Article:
|596 by topic|
|Ab urbe condita||1349|
|Balinese saka calendar||517–518|
|Chinese calendar||乙卯年 (Wood Rabbit)|
3292 or 3232
— to —
丙辰年 (Fire Dragon)
3293 or 3233
|- Vikram Samvat||652–653|
|- Shaka Samvat||517–518|
|- Kali Yuga||3696–3697|
|Iranian calendar||26 BP – 25 BP|
|Islamic calendar||27 BH – 26 BH|
|Minguo calendar||1316 before ROC|
|Seleucid era||907/908 AG|
|Thai solar calendar||1138–1139|
722 or 341 or −431
— to —
723 or 342 or −430
Year 596 (DXCVI) was a leap year starting on Sunday (link will display the full calendar) of the Julian calendar. The denomination 596 for this year has been used since the early medieval period, when the Anno Domini calendar era became the prevalent method in Europe for naming years.
- Emperor Maurice uses the city of Marcianopolis (modern Bulgaria) as a military base of operations on the lower Danube River, against the Slavs on the Balkans.
- Battle of Raith: An invading force of Angles lands on the Fife coast near Raith (Kirkcaldy) and defeats an alliance of Scots, Britons and Picts, under King Áedán mac Gabráin of Dál Riata (Scotland).
- Emperor Wéndi sends diplomatic letters to the royal court of Goguryeo (Korea). He demands the cancellation of the military alliance with the Eastern Turk Khanate, and the raiding of Sui border regions.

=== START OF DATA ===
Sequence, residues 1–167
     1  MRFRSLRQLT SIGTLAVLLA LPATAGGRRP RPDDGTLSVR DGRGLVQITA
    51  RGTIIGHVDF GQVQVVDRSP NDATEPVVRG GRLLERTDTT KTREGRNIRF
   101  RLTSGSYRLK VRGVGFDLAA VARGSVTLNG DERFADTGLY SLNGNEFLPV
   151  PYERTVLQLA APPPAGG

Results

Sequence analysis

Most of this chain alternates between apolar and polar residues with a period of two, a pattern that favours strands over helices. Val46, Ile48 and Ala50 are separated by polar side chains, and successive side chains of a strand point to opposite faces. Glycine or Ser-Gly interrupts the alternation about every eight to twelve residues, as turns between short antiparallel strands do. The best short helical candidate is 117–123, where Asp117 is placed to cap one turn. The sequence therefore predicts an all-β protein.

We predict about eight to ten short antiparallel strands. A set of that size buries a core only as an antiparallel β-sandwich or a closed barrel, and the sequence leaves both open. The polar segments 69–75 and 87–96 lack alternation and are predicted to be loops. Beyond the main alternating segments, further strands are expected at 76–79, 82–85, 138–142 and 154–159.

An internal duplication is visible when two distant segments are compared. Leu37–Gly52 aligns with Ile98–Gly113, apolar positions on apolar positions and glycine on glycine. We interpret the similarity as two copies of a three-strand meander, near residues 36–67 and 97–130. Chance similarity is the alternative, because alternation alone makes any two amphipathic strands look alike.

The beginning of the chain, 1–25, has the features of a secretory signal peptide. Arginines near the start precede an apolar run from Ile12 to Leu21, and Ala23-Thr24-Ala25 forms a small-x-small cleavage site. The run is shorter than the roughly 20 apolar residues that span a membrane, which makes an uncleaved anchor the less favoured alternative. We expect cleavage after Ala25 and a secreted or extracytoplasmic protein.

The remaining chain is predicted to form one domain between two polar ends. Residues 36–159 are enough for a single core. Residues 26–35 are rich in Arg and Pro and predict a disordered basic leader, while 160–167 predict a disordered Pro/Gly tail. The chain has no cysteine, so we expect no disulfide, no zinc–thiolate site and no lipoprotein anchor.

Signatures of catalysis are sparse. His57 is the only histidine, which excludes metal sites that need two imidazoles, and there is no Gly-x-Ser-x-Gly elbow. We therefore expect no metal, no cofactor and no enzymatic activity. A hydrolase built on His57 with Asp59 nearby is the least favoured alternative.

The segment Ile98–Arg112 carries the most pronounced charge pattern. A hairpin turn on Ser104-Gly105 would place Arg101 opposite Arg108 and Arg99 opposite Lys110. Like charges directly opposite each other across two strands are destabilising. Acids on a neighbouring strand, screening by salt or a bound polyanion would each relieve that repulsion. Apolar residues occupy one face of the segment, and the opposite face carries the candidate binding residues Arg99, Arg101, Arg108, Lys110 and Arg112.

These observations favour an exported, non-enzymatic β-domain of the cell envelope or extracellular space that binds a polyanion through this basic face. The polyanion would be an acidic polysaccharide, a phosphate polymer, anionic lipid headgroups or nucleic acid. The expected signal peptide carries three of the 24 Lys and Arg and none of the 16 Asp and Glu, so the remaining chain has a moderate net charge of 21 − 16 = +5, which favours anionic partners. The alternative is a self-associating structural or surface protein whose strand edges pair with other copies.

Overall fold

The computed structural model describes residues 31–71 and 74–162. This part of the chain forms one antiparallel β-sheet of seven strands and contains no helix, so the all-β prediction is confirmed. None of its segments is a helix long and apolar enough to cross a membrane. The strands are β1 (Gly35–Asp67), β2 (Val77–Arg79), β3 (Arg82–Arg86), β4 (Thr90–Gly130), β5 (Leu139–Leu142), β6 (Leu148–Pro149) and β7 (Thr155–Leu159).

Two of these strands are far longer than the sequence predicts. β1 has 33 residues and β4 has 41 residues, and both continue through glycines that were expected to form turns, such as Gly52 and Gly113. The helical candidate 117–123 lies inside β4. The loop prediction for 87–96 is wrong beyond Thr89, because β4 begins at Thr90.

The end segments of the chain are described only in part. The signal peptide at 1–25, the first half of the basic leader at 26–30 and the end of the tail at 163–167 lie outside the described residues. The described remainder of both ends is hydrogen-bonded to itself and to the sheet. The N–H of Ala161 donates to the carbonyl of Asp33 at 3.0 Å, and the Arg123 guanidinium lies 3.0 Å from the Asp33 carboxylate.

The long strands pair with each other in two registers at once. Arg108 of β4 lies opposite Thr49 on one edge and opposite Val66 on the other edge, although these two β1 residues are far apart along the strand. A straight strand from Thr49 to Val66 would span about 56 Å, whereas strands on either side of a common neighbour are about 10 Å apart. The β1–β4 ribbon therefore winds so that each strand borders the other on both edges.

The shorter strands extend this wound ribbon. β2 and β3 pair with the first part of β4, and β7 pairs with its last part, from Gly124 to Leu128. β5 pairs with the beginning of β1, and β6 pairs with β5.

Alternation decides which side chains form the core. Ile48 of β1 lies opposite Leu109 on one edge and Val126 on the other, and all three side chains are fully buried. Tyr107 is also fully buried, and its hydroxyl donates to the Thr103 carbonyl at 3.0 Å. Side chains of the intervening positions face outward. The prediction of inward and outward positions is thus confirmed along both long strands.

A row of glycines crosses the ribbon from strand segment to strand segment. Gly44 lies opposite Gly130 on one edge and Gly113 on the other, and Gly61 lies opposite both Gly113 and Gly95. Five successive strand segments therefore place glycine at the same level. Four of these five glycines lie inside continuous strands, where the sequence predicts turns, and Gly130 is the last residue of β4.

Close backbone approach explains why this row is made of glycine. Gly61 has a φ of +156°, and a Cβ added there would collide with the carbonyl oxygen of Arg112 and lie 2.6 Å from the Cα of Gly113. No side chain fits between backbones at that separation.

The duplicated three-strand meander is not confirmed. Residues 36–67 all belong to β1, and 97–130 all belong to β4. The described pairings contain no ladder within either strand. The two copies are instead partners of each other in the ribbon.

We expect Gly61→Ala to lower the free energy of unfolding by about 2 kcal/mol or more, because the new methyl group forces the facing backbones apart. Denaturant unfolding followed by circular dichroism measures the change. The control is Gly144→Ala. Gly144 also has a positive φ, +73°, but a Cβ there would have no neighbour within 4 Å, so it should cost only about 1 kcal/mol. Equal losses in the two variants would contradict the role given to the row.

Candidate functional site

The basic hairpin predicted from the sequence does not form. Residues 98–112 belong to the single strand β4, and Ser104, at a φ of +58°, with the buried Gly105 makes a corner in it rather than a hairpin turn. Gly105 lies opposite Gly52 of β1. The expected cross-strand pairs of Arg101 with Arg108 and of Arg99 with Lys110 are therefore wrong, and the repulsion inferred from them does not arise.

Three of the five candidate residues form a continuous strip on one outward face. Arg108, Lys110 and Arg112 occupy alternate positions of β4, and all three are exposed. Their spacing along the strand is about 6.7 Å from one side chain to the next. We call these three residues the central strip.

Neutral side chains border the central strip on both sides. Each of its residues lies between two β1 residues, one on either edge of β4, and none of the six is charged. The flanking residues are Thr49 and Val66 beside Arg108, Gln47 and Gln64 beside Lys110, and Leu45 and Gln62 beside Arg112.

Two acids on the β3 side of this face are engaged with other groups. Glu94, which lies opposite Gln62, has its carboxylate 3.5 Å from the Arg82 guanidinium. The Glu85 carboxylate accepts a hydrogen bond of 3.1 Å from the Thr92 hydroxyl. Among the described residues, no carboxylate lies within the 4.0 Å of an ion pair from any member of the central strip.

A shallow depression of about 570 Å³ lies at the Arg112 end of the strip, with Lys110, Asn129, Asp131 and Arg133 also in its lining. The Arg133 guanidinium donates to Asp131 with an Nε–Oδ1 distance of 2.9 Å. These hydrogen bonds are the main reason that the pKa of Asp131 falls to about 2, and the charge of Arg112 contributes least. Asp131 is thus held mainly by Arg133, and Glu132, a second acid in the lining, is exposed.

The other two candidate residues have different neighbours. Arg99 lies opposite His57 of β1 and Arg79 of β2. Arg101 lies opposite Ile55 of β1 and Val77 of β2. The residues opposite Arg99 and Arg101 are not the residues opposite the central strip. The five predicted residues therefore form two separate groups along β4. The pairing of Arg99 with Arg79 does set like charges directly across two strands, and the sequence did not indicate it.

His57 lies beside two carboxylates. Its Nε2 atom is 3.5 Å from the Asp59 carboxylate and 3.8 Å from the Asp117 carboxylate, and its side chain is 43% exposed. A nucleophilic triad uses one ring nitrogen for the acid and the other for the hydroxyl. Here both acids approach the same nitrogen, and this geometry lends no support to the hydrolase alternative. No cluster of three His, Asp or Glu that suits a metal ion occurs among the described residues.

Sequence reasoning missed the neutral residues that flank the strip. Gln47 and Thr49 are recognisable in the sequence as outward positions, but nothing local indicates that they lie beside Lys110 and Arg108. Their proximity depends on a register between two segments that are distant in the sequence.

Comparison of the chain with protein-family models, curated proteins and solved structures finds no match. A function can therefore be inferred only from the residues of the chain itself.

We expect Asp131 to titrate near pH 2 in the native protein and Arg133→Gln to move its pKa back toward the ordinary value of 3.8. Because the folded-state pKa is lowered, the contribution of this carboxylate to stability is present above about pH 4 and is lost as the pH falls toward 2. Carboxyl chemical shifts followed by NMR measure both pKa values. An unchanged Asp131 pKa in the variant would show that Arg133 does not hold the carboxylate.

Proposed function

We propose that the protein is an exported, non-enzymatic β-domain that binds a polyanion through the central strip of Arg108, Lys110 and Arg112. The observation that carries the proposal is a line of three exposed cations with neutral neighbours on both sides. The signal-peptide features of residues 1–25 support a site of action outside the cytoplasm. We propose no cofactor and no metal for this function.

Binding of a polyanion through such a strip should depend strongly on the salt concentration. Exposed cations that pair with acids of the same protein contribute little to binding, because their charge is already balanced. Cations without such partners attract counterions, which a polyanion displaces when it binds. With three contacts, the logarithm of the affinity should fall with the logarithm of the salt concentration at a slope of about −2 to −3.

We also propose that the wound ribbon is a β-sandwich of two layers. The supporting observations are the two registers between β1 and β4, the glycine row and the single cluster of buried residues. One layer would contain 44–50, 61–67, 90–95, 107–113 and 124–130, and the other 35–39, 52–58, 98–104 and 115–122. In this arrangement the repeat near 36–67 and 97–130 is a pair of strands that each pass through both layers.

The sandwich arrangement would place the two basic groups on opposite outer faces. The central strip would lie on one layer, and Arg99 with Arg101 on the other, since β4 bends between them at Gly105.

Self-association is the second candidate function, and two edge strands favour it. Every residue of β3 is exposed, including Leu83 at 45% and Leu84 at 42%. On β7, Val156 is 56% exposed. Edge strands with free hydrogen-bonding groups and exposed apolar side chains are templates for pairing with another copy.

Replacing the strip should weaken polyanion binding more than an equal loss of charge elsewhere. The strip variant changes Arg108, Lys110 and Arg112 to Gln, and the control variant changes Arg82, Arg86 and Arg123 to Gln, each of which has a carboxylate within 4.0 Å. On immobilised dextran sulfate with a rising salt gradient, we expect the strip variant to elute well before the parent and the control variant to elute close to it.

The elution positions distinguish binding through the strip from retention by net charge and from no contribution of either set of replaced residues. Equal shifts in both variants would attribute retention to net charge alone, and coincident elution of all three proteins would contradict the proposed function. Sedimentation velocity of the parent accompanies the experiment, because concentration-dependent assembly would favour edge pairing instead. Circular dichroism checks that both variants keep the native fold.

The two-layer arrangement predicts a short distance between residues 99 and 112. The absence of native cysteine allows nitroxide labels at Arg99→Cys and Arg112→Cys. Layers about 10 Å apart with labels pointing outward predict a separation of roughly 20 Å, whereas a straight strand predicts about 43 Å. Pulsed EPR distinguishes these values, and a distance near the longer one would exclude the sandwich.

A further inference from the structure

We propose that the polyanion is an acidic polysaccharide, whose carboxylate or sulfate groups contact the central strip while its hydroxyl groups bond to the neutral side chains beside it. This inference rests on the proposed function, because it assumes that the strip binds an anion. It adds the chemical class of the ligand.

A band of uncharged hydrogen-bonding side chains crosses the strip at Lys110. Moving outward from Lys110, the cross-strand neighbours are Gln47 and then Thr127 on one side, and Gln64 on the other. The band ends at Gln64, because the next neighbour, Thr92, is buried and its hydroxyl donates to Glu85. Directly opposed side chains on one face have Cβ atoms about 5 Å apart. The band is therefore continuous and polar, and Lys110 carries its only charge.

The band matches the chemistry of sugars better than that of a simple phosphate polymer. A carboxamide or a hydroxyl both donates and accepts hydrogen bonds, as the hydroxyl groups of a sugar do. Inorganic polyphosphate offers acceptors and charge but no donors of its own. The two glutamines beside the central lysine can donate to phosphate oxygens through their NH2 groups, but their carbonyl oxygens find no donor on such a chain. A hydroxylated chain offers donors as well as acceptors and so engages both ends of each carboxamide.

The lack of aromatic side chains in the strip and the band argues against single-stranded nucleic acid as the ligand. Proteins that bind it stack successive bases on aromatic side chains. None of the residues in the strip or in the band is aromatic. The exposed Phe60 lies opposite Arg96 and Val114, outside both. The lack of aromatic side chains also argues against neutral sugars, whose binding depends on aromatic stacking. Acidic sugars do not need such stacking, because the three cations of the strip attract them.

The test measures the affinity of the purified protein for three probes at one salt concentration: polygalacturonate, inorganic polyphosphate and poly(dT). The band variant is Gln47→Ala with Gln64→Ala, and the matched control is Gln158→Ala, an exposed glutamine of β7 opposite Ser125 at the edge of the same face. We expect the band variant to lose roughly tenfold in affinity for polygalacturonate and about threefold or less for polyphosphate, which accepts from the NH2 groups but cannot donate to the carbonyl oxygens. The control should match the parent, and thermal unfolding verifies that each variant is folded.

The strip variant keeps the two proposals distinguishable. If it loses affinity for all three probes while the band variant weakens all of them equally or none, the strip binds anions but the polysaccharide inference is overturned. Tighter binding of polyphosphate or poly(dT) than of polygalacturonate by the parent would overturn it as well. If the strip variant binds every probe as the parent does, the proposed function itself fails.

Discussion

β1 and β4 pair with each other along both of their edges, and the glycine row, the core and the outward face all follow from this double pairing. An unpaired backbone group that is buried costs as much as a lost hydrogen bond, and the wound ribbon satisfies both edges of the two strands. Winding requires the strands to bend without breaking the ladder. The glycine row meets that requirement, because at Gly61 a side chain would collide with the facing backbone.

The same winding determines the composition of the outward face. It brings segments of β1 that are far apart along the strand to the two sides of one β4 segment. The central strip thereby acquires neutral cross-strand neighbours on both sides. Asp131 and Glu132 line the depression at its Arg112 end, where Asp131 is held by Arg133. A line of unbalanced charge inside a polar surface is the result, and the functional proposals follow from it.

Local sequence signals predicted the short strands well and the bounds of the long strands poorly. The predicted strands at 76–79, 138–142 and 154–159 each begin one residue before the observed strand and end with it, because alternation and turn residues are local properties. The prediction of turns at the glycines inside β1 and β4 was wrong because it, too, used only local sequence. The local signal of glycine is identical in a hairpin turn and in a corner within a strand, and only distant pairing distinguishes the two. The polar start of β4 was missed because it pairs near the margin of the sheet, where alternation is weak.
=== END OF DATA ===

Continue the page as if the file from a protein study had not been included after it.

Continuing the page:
- Gregorian Mission: Augustine of Canterbury lands with a group of missionaries on the Isle of Thanet (South East England). He is welcomed by King Æthelberht of Kent, who accepts baptism along with the rest of his court at the behest of his Christian Frankish wife, Bertha. Æthelbert assigns Augustine and his 40 monks a residence at Canterbury (Kent), where they found a Benedictine monastery that will make the town a centre of Christianity (or 597).
- Cui Dunli, general of the Tang Dynasty (d. 656)
- Daoxuan, Chinese Buddhist monk (d. 667)
- Gao Jifu, chancellor of the Tang Dynasty (d. 654)
- Kōtoku, emperor of Japan (d. 654)
- Liu Xiangdao, official of the Tang Dynasty (d. 666)
- "596 a.D. - The Battle of Raith | made by young people at Makewaves". Radiowaves.co.uk. May 21, 2009. Archived from the original on December 23, 2012. Retrieved September 8, 2012.